A combination of factors has created a challenging environment for homebuyers, especially first-time buyers, PAMELA MOORE / GETTY IMAGES

Austin Business Journal writes, "this year's housing market, beset by high interest rates, is on track for the lowest number of homes sold in 12 years.

Fannie Mae, the government-sponsored mortgage financing organization, projects total home sales in 2023 to be about 4.8 million, the lowest since 2011, and only slightly higher in 2024 at 4.9 million. The total amount of mortgage originations for 2023 is expected to be about $1.56 trillion, down from what Fannie Mae had originally projected to be $1.6 trillion this year.

Fannie Mae sees personal spending to be at unsustainable levels relative to American incomes and it projects a "modest economic contraction" in the first half of 2024, combined with mortgage rates hovering above 7%.

And while Fannie Mae is not predicting bigger home-sale declines beyond what it originally forecast, it also doesn't see a big chance of an uptick either.

"While existing home sales are expected to remain near their lowest level since 2009, further sales declines are likely to be less pronounced in relation to current increases in the mortgage rate," Fannie Mae staff said in a recent economic and housing outlook report. "While the additional downside risk from rate movements to date is minimal, the prospects of a recovery in existing sales in the near future is unlikely, given strong mortgage rate 'lock-in' effects and stressed affordability."

A fresh report from the National Association of Realtors tracks with what Fannie Mae is seeing. Existing-home sales dropped 0.7% in August, and the inventory of unsold homes dropped to 1.1 million — a 3.3-month supply of homes at the current sales pace, the NAR found. A balanced housing market is generally considered to have 6 months' supply.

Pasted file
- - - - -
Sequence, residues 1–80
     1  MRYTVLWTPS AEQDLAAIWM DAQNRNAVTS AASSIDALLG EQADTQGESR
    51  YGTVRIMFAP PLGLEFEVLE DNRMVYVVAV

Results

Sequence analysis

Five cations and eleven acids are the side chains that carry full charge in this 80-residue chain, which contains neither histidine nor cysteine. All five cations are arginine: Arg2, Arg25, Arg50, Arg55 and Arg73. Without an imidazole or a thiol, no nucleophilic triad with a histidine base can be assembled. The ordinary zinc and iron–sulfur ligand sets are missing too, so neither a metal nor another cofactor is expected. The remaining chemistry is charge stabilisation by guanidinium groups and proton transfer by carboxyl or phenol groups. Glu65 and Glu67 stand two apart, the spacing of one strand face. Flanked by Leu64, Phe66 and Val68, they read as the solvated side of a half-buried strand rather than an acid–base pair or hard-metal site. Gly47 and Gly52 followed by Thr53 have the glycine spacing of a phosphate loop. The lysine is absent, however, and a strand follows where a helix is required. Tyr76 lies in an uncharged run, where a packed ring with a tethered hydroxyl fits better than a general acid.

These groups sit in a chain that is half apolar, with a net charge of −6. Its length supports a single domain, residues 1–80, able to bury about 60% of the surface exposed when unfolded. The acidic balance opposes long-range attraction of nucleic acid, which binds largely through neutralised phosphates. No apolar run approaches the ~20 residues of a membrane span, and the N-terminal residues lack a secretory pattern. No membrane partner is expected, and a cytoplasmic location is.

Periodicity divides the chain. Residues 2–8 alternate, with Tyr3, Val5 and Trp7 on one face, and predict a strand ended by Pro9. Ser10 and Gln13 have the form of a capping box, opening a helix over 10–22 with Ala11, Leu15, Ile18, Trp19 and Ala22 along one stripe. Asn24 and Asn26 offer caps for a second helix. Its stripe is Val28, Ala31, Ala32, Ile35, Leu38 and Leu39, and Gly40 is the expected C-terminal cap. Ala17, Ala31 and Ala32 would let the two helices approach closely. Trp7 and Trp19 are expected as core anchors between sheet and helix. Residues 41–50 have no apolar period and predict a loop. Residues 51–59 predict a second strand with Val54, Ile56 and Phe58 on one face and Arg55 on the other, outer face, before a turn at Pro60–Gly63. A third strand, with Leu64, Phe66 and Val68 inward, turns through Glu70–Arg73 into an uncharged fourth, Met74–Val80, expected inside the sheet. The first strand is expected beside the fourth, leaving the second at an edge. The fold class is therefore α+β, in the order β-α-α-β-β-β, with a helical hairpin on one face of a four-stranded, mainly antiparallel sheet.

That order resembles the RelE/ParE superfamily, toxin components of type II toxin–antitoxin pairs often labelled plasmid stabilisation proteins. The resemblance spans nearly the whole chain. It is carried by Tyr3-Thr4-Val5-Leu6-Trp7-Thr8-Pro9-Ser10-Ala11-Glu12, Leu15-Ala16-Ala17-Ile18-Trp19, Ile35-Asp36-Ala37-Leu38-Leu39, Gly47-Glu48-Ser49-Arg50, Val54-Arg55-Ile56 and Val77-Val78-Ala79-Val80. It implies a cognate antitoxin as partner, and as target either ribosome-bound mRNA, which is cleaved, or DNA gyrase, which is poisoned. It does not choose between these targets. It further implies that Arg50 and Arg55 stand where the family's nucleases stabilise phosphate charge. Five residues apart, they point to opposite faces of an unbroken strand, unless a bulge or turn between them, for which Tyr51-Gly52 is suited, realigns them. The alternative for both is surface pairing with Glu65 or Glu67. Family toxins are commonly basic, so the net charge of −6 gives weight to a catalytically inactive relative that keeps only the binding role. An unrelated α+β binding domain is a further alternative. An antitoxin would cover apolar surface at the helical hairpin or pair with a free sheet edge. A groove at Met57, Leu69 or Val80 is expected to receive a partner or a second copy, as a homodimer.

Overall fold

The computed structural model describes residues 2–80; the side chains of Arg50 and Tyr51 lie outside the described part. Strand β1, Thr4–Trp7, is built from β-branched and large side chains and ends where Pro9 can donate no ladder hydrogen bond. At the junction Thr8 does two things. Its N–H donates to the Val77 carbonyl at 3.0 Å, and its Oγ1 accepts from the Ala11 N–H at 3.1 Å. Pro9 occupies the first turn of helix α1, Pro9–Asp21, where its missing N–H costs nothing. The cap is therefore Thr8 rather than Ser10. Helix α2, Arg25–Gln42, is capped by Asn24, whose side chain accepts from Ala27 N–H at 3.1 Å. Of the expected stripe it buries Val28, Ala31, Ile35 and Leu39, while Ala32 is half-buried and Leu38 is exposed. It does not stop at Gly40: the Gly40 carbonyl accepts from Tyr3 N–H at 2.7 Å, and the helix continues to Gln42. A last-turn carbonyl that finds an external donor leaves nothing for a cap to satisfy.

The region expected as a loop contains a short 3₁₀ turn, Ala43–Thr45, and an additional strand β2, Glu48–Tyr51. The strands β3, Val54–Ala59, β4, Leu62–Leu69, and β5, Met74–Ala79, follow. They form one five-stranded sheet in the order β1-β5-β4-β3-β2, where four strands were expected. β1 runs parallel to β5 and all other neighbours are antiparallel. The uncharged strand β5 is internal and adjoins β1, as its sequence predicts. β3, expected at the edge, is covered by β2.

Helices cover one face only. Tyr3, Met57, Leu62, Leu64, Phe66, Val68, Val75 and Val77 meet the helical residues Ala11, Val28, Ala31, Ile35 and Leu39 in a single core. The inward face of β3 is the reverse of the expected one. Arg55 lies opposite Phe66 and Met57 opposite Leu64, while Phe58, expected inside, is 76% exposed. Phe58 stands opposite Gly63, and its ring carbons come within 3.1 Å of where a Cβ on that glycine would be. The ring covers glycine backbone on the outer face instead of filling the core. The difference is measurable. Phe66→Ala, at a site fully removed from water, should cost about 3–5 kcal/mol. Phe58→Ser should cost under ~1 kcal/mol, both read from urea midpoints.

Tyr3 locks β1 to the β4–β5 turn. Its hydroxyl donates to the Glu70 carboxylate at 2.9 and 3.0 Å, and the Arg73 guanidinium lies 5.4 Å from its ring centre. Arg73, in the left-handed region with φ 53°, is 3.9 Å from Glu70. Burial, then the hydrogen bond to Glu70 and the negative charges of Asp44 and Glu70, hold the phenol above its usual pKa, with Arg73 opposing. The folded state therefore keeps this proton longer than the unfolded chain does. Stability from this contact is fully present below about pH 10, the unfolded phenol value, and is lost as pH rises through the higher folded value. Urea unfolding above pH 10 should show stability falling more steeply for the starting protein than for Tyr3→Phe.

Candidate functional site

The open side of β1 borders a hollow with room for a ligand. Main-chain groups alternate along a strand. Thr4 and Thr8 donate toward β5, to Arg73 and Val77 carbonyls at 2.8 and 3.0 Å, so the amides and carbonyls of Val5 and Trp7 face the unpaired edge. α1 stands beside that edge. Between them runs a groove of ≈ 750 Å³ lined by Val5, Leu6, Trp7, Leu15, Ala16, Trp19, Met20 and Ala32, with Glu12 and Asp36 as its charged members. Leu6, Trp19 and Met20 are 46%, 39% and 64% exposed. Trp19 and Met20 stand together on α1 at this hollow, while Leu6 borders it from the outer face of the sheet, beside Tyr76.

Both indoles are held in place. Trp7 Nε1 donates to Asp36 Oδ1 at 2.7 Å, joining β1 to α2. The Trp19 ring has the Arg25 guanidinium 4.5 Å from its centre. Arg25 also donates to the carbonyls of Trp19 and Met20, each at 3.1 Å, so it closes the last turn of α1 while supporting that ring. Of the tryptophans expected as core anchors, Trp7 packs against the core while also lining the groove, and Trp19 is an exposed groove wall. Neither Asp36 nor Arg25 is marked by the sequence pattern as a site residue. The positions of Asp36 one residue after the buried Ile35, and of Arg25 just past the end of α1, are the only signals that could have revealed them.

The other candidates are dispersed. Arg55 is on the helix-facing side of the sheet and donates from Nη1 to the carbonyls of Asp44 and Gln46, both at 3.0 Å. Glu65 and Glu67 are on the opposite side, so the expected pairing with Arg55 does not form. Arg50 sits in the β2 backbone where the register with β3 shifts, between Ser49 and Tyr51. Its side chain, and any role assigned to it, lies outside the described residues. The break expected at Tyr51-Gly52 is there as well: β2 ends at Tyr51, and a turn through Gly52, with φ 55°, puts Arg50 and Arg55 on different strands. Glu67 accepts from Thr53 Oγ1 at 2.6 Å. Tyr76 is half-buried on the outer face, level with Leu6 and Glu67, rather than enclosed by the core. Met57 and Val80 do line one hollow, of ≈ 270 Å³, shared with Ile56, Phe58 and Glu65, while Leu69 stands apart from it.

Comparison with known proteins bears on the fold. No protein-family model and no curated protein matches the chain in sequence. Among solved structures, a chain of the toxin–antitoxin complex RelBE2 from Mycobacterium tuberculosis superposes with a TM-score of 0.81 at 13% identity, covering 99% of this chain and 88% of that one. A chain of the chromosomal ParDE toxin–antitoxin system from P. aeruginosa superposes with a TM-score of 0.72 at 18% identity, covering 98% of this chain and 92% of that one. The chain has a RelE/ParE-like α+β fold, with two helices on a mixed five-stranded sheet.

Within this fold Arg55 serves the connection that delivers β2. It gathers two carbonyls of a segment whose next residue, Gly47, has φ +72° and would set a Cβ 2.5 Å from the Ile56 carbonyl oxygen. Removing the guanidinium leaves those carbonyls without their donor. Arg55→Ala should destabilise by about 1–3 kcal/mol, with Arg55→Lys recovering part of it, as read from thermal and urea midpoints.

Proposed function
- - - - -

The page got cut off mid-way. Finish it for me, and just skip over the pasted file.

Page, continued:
The median existing-home sale price in August was $407,100, up 3.9% from the $391,700 observed in August 2022.

"Home prices continue to march higher, despite lower home sales," said NAR Chief Economist Lawrence Yun in a statement. "Supply needs to essentially double to moderate home-price gains."

Zillow Group Inc. also projects a continued increase in home prices despite the current headwinds. The home-sales platform recently forecast a 4.9% increase in home values over the next year — although that's down from the 6.5% increase it projected in July.

The change is in part because of an influx in new listings that helped boost inventory, although overall inventory is still tight by historic standards. 

Reversal in home prices

While it's a far cry from the massive double-digit home value increases seen during the height of the pandemic, the growth in housing prices reflects a reversal from earlier in 2023.

Repeated Federal Reserve rate hikes moderated home-price growth and, in fact, even drove down prices during the first half of the year.

The median sale price of a home in the United States at the end of 2022 was $479,500. That price had slipped to $416,100 by the end of the second quarter, according to Fed data.

Data from Redfin Corp. found home prices rose 3% year-over-year during the four weeks ending Sept. 17, and pending home sales were down 13% from a year ago, as homeowners choose to keep the lower mortgage rates they locked in with their previous purchases.

Those factors have combined to make it a challenging environment for homebuyers, especially first-time buyers, according to a separate NAR survey.

"Homebuyers face the most difficult affordability conditions in nearly 40 years due to limited inventory and rising mortgage interest rates," said Jessica Lautz, NAR's deputy chief economist and vice president of research, in a statement with the survey release. "The impact is exacerbated among first-time buyers who are more likely to be from underrepresented segments of the population."

The biggest reason prospective homebuyers gave for holding off on buying a home was that they are waiting for housing prices to drop. The second biggest reason was waiting for mortgage rates to decline.

Realtors surveyed offered up another reason: A limited inventory of homes means there are not enough houses in their clients' budgets."


Source: Austin Business Journal 

Written by: Andy Medici

Published: September 26, 2023

Posted by Grossman & Jones Group on


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